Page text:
As Minnesota lawmakers debate how to cover law enforcement costs ahead of possible riots during Derek Chauvin's trial, Minneapolis and St. Paul business owners are pleading for help over last summer's bout of civil unrest.
"We are still suffering," Peking Garden owner Louis Lau told the House bonding committee last week. "We still need the support of the state to ensure our business can survive."
His was one of roughly 1,500 businesses that were burned, damaged or looted during the riots that broke out after Chauvin, a former Minneapolis police officer, put his knee on George Floyd's neck last May. He faces murder charges in Floyd's death.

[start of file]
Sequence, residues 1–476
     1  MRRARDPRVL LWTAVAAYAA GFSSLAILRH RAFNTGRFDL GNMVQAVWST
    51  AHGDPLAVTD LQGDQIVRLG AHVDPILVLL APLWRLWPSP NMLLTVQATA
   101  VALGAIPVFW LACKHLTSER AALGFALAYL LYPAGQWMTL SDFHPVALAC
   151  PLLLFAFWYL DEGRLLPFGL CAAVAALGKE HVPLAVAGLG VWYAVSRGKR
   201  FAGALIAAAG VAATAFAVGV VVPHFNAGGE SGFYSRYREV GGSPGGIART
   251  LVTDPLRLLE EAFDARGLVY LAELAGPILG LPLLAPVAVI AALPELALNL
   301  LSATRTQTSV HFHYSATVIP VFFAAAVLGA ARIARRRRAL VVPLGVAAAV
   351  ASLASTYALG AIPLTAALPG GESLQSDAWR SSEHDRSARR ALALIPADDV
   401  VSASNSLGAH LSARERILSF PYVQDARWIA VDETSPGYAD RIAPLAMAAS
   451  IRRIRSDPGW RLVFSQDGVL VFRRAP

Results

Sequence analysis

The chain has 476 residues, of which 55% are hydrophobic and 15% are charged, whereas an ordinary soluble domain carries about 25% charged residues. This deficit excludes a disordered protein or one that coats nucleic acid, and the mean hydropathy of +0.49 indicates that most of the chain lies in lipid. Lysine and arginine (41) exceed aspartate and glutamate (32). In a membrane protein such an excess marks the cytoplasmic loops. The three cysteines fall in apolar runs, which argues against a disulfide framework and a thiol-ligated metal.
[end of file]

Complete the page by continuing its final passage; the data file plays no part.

During seven special sessions last year, lawmakers couldn't agree on an aid package. Now, a House bill is proposing to borrow $300 million to help them rebuild, including many businesses owned by immigrants along Minneapolis' Lake Street.
The bill cleared the committee but faces a challenge in a divided Legislature, where any aid for Minneapolis has become a political volleyball.
Without help soon, those businesses might never return, said Chris Montana, owner of Du Nord Craft Spirits.
"The slow process that rebuilt Lake Street over 30 years from when I was introduced to it in the '90s, we can't wait" that long, he said. "It will be scooped up. Big business … will come in."